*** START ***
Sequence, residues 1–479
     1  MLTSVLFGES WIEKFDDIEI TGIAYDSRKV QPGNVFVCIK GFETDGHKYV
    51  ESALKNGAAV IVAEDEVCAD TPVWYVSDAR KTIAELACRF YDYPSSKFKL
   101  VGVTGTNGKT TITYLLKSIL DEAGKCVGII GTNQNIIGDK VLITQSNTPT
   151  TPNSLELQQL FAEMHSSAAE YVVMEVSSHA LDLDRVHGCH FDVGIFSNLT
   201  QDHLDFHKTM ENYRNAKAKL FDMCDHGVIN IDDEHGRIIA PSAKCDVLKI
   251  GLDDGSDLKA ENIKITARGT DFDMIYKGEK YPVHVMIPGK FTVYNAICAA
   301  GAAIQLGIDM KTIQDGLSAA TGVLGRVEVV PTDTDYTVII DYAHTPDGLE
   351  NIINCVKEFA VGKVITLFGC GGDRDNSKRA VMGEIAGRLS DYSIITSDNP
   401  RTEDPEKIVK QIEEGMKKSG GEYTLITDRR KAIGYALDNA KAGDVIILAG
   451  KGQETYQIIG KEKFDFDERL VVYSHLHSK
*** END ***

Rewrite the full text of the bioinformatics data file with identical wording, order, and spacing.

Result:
Sequence, residues 1–479
     1  MLTSVLFGES WIEKFDDIEI TGIAYDSRKV QPGNVFVCIK GFETDGHKYV
    51  ESALKNGAAV IVAEDEVCAD TPVWYVSDAR KTIAELACRF YDYPSSKFKL
   101  VGVTGTNGKT TITYLLKSIL DEAGKCVGII GTNQNIIGDK VLITQSNTPT
   151  TPNSLELQQL FAEMHSSAAE YVVMEVSSHA LDLDRVHGCH FDVGIFSNLT
   201  QDHLDFHKTM ENYRNAKAKL FDMCDHGVIN IDDEHGRIIA PSAKCDVLKI
   251  GLDDGSDLKA ENIKITARGT DFDMIYKGEK YPVHVMIPGK FTVYNAICAA
   301  GAAIQLGIDM KTIQDGLSAA TGVLGRVEVV PTDTDYTVII DYAHTPDGLE
   351  NIINCVKEFA VGKVITLFGC GGDRDNSKRA VMGEIAGRLS DYSIITSDNP
   401  RTEDPEKIVK QIEEGMKKSG GEYTLITDRR KAIGYALDNA KAGDVIILAG
   451  KGQETYQIIG KEKFDFDERL VVYSHLHSK